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HP-UX 11i Version 3: February 2007

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uname — display information about computer system; set node name (system name)


uname [-ailmnrsv]

uname [-S nodename]


In the first form above, the uname command displays selected information about the current computer system, derived from the utsname structure (see uname(2)).

In the second form, uname sets the node name (system name) that is used in the utsname structure.


uname recognizes the options listed below. If you enter several options, the output is always in the order shown for the -a option.


Equivalent to -s.


Display the options below in the following order, separated by blanks.

-s -n -r -v -m -i -l


Display the machine identification number (or the node name, if the machine identification number cannot be determined). This option cannot display the unique machine identification number. For getting the unique machine identification number refer to the getconf command or confstr call. See getconf(1)) and confstr(3C).


Display the license level of the operating system. 128-, 256-, and unlimited-user licenses are shown as unlimited-user license.


Display the machine hardware and model names. On Itanium(R)-based systems, this option always displays ia64. See WARNINGS.


Display the node name (system name) by which the system is usually known in a UUCP network. See WARNINGS.


Display the current release level of the operating system.


Display the name of the operating system. On standard HP-UX systems, this option always displays HP-UX.


Display the current version level of the operating system.

-S nodename

Change the node name (system name) to nodename. nodename is restricted to UTSLEN-1 characters (see uname(2)). See WARNINGS. Only users with appropriate privileges can use the -S option.


When you execute the command uname -a, it produces output like the following:

HP-UX myhost A.09.01 C 9000/750 2015986034 32-user license

The displayed fields are interpreted as follows:


The operating system name (option -s).


The UUCP network system name by which the system is known (-n).


The operating system release identifier (-r).


The operating system version identifier (-v).


The machine and model numbers (-m).


The machine identification number (-i).

32-user license

The operating system license level (-l).


It is recommended that the model command or the getconf command be used to obtain the model name, since future model names may not be compatible with uname. See model(1) and getconf(1).

Many types of networking services are supported on HP-UX, each of which uses a separately assigned system name and naming convention. To ensure predictable system behavior, it is essential that system names (also called host names or node names) be assigned in such a manner that they do not create conflicts when the various networking facilities interact with each other.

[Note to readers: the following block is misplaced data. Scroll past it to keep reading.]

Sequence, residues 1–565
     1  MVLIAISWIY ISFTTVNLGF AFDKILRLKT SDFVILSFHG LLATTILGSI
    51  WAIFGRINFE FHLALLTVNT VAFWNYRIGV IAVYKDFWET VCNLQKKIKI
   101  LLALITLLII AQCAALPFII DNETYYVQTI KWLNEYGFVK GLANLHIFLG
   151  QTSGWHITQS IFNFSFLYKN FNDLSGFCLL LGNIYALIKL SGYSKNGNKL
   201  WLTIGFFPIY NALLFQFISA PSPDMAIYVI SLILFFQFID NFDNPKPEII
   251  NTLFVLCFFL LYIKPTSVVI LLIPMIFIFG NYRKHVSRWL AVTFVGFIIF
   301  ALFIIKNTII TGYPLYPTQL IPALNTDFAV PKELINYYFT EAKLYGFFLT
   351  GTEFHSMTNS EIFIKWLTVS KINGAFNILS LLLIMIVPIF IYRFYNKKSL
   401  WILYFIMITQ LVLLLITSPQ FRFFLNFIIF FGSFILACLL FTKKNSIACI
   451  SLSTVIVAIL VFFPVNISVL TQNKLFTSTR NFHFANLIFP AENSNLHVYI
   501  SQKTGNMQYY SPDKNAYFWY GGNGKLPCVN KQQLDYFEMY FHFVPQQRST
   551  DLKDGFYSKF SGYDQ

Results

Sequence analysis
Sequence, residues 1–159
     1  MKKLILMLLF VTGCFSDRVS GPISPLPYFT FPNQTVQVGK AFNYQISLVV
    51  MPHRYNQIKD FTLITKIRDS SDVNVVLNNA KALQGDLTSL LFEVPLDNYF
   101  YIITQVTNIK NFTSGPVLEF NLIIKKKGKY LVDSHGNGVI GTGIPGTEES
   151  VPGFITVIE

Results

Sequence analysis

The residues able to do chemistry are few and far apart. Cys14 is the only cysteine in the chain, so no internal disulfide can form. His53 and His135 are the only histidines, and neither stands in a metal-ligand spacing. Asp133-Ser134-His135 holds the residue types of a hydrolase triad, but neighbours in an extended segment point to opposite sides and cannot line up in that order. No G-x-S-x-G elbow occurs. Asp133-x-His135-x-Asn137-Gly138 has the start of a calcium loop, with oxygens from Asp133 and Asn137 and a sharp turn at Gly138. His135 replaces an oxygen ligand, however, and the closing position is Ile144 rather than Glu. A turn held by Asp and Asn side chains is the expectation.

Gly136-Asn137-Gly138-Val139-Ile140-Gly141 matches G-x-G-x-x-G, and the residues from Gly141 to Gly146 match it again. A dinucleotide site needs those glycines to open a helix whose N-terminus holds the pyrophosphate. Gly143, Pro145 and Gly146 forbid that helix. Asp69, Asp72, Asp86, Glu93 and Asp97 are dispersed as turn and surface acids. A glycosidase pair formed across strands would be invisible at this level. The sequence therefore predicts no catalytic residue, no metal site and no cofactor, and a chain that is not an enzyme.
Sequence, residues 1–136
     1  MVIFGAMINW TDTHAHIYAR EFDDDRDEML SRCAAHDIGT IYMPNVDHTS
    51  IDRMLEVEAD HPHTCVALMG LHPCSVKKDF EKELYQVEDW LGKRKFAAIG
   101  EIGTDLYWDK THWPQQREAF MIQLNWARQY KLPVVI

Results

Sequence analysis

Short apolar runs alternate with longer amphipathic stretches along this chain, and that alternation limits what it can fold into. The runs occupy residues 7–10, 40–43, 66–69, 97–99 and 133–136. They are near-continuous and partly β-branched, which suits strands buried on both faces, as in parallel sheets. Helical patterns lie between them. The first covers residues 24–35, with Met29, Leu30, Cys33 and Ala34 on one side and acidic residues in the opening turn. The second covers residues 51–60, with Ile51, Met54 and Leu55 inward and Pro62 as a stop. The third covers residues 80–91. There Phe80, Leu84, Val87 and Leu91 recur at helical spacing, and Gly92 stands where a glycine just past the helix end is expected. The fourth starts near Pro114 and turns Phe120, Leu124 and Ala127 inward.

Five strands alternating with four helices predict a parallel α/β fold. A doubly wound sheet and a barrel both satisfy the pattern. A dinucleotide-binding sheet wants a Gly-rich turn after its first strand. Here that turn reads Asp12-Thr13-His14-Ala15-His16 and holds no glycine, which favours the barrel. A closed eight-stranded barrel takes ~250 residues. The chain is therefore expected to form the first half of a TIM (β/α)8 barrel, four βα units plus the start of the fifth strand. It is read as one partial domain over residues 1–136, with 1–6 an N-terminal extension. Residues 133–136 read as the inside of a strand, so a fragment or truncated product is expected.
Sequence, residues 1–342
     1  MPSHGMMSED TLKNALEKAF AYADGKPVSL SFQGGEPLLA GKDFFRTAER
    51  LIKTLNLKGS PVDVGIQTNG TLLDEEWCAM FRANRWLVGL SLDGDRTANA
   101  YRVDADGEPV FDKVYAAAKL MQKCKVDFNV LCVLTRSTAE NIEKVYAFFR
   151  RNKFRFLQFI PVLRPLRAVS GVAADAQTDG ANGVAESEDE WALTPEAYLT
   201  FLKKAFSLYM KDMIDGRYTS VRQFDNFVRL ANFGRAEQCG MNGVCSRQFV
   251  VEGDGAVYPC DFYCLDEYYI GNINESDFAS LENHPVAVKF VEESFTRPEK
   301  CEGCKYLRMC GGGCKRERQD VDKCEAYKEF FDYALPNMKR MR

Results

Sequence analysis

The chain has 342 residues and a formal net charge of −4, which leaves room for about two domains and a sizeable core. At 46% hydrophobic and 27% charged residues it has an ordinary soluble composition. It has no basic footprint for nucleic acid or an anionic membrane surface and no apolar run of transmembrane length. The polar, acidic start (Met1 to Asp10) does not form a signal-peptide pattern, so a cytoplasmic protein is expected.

The system does not rely on a single system name in a specific location, partly because different services use dissimilar name formats as explained below. The hostname and uname commands assign system names as follows:

Node NameCommandname FormatUsed By
Internet namehostname namesys[.x.y.z...]ARPA and NFS Services
UUCP nameuname -S namesysuucp and related programs

where sys represents the assigned system name. It is strongly recommended that sys be identical for all commands and locations and that the optional .x.y.z... follow the specified notation for the particular ARPA/NFS environment.

Internet names are also frequently called host names or domain names (which are different from NFS domain names). Refer to hostname(5) for more information about Internet naming conventions.

Whenever the system name is changed in any file or by the use of any of the above commands, it should also be changed in all other locations as well. Other files or commands in addition to those above (such as /etc/uucp/Permissions if used to circumvent uname, for example) may contain or alter system names. To ensure correct operation, they should also use the same system name.

System names are normally assigned by the /sbin/init.d/hostname script at start-up, and should not be altered elsewhere.

Setting a nodename of more than 8 bytes is possible only with the appropriate configuration options enabled. It is strongly recommended that all related documentation be completely understood before setting a larger node name. A node name larger than 8 bytes can cause anomalous or incorrect behavior in applications which use the uname command or the uname() system function to access the name.


uname: SVID2, SVID3, XPG2, XPG3, XPG4, POSIX.2

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